As nurses in public hospitals insist on boycotting work, a court granted governors their wish and suspended the ongoing strike for 60 days.
Council of Governors chairman Wycliffe Oparanya said the court ordered nurses and their employers to attend conciliation meetings initiated by Labour and Social Protection Cabinet Secretary Ukur Yattani.
Last week, Mr Yattani formed a committee to look into issues raised by nurses and file a report within 30 days.
The governors’ council moved to court to challenge the legitimacy of the strike.
The health workers and devolved governments are required to file reports in court and wait further directions.
Kenya National Union of Nurses Secretary-General Seth Panyako dismissed calls for a meeting.
“We shall only engage in negotiations if the agenda is grading structures and harmonising salaries,” he said.
The union accused the Labour Ministry of frustrating the implementation of the agreement reached by nurses and county governments.
Mr Panyako said devolved units “are playing with the nurses minds by failing to honour the agreement the parties in dispute signed on November 2, 2017”.
The nurse are demanding uniform and nursing service allowances.
Nurses earn Sh20,000 every month in service allowance, which was to be increased to Sh30,000 over three years from 2017. The uniform allowance was raised to Sh10,000.
On Monday, nurses in West Pokot, Kisumu, Nairobi, Kisii, Taita-Taveta, Nyandarua, Trans Nzoia, Elgeyo-Marakwet, Wajir, Nyeri and Kitui counties went on strike.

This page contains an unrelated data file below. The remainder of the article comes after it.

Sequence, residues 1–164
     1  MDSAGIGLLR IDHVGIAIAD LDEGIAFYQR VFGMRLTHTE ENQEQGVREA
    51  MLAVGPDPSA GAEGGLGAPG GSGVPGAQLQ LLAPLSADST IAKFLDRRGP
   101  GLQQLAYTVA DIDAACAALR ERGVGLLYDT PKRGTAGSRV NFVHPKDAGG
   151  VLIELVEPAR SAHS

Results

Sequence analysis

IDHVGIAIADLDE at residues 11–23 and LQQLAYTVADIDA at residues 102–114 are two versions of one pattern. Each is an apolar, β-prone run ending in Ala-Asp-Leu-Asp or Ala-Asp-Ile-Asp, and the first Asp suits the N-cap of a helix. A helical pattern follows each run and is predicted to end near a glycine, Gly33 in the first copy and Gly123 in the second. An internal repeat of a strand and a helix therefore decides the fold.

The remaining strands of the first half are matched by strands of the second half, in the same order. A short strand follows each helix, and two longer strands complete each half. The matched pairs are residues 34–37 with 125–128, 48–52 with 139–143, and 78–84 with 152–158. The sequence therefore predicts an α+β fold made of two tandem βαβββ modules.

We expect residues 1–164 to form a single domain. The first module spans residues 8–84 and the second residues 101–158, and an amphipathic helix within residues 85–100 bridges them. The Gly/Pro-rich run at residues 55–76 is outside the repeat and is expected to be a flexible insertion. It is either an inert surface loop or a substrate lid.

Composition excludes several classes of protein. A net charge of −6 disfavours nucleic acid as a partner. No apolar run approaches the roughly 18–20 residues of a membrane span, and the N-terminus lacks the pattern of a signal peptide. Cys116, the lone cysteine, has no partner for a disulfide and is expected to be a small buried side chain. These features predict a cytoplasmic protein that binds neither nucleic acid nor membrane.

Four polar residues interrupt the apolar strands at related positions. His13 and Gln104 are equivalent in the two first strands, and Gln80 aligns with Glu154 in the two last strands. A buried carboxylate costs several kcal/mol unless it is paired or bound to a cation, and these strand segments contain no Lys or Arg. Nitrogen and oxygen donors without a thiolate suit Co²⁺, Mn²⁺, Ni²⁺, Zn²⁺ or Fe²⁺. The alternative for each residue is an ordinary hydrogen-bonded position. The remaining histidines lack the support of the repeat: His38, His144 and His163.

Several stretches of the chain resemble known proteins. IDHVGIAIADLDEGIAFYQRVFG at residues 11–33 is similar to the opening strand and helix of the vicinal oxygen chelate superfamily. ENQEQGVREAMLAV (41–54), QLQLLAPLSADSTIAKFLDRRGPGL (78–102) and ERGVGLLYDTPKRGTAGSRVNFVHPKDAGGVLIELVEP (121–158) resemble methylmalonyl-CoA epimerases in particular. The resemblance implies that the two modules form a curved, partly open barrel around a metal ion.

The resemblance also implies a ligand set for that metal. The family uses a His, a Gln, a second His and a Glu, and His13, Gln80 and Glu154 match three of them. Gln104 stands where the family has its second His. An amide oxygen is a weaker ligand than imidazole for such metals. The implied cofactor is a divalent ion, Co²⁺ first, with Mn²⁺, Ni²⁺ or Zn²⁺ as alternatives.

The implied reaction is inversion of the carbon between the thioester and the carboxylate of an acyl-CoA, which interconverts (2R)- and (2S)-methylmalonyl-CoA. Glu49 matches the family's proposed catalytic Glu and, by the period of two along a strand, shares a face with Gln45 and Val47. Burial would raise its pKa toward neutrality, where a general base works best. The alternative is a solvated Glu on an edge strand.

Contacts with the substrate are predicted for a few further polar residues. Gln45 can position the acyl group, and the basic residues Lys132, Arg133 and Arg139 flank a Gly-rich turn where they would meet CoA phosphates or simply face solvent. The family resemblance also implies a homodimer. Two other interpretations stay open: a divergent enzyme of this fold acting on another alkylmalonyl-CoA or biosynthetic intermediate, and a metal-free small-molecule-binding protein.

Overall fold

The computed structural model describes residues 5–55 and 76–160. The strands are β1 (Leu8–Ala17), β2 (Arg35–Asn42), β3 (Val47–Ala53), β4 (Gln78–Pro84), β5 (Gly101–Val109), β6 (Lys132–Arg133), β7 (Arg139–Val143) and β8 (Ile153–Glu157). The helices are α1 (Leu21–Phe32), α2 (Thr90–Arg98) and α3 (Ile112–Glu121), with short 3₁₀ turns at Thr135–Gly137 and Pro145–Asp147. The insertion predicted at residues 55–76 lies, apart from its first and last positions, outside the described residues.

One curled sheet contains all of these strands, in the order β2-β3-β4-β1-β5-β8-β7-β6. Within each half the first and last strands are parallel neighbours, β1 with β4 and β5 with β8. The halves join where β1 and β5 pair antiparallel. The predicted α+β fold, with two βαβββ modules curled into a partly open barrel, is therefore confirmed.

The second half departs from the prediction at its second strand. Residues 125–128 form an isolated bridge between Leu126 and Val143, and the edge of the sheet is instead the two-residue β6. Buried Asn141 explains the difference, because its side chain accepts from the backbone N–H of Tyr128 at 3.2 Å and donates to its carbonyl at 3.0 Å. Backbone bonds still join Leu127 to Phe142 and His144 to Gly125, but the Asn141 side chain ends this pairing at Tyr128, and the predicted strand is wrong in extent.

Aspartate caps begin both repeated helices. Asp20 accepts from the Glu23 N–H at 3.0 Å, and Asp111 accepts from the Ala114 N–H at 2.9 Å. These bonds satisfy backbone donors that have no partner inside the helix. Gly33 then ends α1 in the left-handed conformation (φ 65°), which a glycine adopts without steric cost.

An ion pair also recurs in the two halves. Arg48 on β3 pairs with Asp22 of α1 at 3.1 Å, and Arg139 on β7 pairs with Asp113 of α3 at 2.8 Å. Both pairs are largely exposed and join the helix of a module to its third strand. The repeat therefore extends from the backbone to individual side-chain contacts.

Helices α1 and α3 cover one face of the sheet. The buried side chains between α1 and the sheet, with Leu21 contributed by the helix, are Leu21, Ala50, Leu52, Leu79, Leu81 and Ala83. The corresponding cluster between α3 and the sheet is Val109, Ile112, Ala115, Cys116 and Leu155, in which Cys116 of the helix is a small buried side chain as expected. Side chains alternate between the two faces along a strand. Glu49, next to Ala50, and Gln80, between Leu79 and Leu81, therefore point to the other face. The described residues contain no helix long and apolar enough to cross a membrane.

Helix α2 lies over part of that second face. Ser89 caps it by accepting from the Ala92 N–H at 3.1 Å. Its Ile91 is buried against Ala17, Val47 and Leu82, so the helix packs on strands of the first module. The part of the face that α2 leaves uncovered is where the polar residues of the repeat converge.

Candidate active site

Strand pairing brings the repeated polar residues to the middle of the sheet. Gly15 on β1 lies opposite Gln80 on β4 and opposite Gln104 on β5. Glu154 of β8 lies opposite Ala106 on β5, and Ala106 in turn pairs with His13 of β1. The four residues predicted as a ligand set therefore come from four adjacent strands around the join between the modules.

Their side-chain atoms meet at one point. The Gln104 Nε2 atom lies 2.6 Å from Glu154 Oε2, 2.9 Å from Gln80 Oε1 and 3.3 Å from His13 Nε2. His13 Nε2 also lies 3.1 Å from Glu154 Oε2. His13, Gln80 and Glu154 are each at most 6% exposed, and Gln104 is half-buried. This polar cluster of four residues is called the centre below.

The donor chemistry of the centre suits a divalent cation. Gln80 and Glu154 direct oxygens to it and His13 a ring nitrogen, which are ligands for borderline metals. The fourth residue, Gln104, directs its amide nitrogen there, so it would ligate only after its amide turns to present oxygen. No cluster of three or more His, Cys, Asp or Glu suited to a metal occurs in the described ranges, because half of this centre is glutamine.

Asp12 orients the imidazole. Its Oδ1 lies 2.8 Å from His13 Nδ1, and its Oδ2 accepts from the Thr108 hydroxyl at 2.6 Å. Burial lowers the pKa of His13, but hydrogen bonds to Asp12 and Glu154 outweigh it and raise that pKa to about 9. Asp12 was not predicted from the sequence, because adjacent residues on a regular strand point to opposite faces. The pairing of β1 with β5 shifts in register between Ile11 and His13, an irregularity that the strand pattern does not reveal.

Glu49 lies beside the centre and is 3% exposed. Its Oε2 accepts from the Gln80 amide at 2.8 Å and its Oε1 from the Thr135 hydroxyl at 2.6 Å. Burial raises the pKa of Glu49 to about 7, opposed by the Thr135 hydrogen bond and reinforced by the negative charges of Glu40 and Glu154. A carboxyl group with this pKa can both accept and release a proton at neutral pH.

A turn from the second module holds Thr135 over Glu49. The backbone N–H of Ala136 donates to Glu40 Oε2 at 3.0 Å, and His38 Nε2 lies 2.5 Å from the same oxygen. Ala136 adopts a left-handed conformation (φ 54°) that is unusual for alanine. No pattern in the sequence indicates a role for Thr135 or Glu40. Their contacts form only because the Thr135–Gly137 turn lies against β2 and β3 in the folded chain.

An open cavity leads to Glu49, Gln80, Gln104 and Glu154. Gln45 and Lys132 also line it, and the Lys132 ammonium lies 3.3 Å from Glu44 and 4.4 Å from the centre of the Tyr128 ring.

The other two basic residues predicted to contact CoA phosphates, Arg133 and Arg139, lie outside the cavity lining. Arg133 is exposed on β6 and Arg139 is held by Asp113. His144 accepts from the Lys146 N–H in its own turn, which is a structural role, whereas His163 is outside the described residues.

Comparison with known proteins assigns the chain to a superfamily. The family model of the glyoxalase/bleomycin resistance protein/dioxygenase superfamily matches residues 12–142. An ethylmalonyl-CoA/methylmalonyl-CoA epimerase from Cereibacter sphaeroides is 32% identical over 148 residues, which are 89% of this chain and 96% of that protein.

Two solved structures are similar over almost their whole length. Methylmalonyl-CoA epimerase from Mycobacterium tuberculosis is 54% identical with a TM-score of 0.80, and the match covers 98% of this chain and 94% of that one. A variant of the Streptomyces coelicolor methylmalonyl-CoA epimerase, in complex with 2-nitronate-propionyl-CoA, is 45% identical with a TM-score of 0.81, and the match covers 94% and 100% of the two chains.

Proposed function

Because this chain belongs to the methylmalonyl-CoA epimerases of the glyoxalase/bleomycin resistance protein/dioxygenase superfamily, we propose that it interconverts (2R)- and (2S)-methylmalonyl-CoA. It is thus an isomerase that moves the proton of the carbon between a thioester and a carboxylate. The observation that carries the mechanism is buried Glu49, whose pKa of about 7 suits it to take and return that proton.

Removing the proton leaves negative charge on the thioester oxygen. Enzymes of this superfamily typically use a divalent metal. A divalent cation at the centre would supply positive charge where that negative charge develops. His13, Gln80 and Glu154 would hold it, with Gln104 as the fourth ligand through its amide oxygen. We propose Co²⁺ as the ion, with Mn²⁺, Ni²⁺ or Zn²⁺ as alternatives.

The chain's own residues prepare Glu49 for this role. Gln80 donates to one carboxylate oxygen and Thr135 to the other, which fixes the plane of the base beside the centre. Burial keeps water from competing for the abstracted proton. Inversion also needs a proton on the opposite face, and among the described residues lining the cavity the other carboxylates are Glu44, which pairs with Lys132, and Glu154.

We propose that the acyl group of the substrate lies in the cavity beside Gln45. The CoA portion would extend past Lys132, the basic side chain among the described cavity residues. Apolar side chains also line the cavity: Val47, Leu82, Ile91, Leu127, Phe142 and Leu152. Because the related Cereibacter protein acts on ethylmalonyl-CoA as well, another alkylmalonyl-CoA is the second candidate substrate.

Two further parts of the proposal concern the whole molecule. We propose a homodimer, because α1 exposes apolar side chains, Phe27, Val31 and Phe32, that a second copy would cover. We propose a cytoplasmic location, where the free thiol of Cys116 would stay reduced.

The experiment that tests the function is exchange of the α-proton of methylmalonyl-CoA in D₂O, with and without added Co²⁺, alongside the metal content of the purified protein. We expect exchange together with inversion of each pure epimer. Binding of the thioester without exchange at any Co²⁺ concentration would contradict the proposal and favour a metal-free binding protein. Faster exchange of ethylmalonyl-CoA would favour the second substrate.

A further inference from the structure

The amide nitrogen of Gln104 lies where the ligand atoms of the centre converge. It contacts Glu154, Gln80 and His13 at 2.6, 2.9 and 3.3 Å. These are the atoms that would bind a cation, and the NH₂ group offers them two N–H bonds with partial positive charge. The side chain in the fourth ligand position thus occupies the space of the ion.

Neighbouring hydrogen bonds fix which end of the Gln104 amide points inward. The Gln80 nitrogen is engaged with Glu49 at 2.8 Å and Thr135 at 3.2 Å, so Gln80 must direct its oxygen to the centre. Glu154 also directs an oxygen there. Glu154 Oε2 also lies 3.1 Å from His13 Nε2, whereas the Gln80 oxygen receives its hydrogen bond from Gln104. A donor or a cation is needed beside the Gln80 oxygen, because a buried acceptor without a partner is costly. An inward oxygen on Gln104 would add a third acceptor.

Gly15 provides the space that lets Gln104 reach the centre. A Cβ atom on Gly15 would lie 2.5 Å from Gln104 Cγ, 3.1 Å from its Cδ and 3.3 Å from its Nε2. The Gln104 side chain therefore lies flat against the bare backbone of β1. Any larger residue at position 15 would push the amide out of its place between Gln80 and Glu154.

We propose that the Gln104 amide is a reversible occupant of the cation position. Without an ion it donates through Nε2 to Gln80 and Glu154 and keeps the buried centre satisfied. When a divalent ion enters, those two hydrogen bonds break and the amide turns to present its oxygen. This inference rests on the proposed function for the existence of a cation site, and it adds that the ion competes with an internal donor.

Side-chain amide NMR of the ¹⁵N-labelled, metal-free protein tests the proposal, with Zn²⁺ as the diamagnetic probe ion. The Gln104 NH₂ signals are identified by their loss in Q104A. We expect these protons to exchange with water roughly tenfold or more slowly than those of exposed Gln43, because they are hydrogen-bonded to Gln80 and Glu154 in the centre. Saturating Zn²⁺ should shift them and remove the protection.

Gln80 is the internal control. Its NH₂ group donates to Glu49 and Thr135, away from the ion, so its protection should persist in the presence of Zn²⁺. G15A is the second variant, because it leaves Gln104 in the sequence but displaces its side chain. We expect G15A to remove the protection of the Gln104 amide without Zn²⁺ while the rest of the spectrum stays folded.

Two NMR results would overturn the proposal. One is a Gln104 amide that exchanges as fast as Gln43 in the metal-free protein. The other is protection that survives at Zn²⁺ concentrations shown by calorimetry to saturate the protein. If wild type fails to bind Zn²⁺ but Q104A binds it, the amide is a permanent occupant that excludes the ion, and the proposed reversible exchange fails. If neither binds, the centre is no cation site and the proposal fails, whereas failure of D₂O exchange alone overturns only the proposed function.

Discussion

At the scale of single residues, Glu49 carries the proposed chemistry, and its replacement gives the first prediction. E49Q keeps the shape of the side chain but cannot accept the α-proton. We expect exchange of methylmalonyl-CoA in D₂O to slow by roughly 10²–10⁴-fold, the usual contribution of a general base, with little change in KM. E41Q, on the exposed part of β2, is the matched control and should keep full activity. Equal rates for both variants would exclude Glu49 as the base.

Nurses in Homa Bay and Marsabit counties had planned to go on strike this morning while those in Kwale, Garissa, Samburu, Kirinyaga and Embu are to start theirs on February 11.
Those in Murang’a, Busia, Nakuru, Siaya, Narok, Makueni, Bomet and Tana River planned to go on strike from February 18.
The union has not called a strike in 18 counties, which have agreed to implement the return-to-work agreement.
Hospitals in Kisumu and Kisii counties were deserted Tuesday.
Patients at Mbagathi District Hospital in Nairobi were transferred to Kenyatta National Hospital and the rest handled by clinical officers and doctors.
Pumwani Maternity Hospital was offering services, more than 30 hours after the strike began.
Pumwani Hospital administrator Geoffrey Mosiria said nurses there are not members of Knun but belong to the County Government Workers Union.
“The workload may increase. Seventy-six nurses are on duty in three shifts daily. The hospital handles 220 admissions a day,” he said.
Public dispensaries in Kayole remained operational.
Reporting by Angela Oketch, Aggrey Omboki, Verah Okeyo and Collins Omulo